A valuer’s perspective on corporate property investment

There comes a time in every successful business when a decision has to be made –  do we re-invest this year’s profits? Do we leave them in the bank account, or do we invest elsewhere?

As is the case with any investment, a business must achieve a desirable balance between capital growth, yearly return and risk-management. A number of options exist, but many – including dabbling in the stock market – might sensibly be considered too risky.

The alternative? Property.
It is an industry that offers a diverse range of potential opportunities, with differentiated characteristics and return profiles.

Direct Purchase
The primary benefit of direct property purchase is the ease with which a credible company can procure finance to supplement their own.
In this way, the investor can leverage their own capital to procure top-up finance and purchase an asset of greater value than they would otherwise have been able to afford. It also means that a single capital sum can be split and invested across multiple properties – minimising risk via diversification.

The downside?
Property is an unusually non-liquid asset. Conveyancing can take weeks, months or even longer if the asset is no longer desired by the market – perhaps due to a change in tastes, physical deterioration or an over-valued initial purchase. It is therefore very difficult to recover the investment capital quickly, in the event of an emergency.
A quick sale isn’t impossible and investment companies offering cash purchase within weeks exist for just such a situation, though you are likely to forego 10% of the property’s value.

Very much a ‘buzzword’ of the last few years, CrowdFunding is fast growing into a major player in the investment markets; be it for a start-up company, a new film, a charity project or, in this case, a property investment.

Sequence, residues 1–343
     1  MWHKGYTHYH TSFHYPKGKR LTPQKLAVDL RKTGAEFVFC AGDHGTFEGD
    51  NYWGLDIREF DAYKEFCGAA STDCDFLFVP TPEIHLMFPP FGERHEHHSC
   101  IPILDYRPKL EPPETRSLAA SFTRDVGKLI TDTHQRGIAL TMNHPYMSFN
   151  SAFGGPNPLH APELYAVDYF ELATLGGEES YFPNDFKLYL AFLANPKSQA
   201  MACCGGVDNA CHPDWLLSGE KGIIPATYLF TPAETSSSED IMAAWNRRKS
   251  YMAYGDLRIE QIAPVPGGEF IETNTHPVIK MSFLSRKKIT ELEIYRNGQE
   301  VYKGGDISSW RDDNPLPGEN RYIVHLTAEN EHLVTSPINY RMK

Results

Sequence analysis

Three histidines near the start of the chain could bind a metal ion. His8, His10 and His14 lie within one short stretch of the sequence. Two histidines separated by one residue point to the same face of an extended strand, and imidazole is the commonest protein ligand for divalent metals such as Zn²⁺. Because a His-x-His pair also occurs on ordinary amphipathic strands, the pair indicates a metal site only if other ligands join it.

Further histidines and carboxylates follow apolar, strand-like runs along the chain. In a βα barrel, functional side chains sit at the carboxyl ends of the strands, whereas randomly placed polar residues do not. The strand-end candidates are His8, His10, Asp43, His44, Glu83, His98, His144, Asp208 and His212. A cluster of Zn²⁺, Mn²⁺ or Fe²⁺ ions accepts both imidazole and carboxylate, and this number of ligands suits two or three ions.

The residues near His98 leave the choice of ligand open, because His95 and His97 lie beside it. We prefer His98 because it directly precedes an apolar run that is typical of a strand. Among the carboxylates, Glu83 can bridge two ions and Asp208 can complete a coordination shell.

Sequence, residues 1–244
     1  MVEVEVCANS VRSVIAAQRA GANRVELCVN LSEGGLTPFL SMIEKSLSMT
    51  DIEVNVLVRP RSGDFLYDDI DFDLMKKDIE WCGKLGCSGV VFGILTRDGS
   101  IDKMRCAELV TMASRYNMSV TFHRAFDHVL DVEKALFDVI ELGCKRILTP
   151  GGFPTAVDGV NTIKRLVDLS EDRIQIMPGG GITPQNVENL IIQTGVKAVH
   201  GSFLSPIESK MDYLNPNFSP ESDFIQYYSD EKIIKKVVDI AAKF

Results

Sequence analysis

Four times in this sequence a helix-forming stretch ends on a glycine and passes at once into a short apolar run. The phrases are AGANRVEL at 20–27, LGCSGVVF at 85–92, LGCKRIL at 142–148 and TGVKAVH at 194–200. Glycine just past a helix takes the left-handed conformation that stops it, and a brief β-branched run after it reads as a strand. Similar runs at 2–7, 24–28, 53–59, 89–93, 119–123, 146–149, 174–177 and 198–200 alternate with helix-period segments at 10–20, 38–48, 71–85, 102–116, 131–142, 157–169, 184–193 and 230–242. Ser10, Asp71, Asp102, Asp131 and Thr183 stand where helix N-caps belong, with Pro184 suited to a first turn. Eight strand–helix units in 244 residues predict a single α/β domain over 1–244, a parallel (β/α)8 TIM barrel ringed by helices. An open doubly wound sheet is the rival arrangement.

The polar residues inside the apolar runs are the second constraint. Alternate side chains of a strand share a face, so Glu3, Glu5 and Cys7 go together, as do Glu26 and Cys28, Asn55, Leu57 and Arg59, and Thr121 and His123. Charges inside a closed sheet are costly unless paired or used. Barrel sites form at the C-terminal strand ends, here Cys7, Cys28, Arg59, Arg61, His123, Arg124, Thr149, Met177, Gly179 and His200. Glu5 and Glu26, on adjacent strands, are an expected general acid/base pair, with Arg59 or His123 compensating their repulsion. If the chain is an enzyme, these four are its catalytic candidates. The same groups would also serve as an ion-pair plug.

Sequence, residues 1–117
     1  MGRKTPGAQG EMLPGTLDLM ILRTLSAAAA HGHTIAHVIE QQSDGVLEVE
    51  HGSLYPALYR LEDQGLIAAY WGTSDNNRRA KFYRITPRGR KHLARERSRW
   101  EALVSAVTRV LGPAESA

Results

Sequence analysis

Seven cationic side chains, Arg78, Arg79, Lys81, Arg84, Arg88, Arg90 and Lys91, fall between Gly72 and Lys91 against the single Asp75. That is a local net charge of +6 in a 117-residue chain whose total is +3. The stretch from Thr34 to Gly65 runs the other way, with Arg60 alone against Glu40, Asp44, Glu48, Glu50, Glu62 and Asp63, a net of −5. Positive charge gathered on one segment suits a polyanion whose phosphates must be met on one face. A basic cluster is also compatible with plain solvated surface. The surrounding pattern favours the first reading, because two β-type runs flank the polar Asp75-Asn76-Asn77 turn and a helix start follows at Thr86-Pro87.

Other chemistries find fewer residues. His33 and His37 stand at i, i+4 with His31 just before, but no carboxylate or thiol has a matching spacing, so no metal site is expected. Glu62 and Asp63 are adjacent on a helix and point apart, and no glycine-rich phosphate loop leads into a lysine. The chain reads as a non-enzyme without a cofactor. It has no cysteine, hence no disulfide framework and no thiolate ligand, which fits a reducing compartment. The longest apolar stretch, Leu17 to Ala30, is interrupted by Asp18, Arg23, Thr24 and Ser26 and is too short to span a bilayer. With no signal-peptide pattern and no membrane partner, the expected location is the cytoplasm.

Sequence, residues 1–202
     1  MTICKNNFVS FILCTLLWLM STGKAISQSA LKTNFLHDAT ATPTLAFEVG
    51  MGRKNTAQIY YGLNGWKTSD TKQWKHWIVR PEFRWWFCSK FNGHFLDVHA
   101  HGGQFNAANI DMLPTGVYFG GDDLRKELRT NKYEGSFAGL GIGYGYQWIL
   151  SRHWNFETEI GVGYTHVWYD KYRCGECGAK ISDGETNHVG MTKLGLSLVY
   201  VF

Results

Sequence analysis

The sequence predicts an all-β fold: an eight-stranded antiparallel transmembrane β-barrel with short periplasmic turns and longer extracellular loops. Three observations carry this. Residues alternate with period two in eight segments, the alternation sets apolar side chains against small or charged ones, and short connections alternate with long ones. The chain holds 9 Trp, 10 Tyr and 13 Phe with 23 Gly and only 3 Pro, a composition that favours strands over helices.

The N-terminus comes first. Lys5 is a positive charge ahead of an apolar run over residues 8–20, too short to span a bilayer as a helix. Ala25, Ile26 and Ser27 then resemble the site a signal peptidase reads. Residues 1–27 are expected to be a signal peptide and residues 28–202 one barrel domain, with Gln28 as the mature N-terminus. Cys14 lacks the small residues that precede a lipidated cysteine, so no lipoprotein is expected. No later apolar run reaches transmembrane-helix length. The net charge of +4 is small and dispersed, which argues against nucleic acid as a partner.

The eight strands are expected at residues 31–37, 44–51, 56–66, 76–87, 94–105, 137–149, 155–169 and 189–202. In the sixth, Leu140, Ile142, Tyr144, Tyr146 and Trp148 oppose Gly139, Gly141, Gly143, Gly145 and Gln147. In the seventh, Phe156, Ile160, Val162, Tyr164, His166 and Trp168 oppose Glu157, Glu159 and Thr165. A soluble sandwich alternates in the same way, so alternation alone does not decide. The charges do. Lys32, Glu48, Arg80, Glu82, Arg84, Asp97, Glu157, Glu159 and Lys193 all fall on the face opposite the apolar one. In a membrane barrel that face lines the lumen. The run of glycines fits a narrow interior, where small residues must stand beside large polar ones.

Various companies have emerged to provide a platform through which small investors with limited funds can still reap the benefits of property investment. Organisations like the House Crowd now operate in this market – offering investors the opportunity to purchase shares in a special purpose vehicle (SPV), which purchases a given property on their behalf.
The success of these new investment providers can be narrowed down to a few key advantages:

  • Liquidity is much higher than direct investment. Money can be removed by selling shares on a secondary-market.
  • The established platform will offer a range of property types, locations, sizes and ages to choose from – which allows investors to choose their preferred risk / reward balance.
  • An individual investor can put as little as £100 into a given property. That opens up property investment to a vastly wider pool of potential beneficiaries.

The downside?
CrowdFunded property investment is still a relatively young market and therefore somewhat untested. This adds an element of risk which some companies may shy away from.
Beyond that, the secondary markets on which a company could recover their invested funds do rely on another individual wanting to buy the shares. It also requires them being willing to pay the same price or better. If not, then the company will make a loss in extracting its funds.

*Back to May 2016 Newsletter*

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